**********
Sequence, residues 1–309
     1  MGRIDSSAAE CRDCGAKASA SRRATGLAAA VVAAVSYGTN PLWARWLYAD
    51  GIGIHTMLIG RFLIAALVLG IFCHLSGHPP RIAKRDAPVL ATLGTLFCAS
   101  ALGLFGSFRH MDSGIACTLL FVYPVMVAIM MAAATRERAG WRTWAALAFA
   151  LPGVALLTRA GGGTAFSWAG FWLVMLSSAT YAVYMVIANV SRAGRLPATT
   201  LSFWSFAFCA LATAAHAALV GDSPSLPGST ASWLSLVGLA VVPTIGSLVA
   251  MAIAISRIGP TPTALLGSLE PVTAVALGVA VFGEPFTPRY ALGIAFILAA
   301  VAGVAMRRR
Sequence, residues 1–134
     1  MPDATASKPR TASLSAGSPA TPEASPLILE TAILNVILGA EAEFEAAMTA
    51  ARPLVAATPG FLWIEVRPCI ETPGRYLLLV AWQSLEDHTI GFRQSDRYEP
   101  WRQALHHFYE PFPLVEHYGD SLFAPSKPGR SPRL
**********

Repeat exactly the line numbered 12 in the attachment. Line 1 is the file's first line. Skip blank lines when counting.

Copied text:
   101  WRQALHHFYE PFPLVEHYGD SLFAPSKPGR SPRL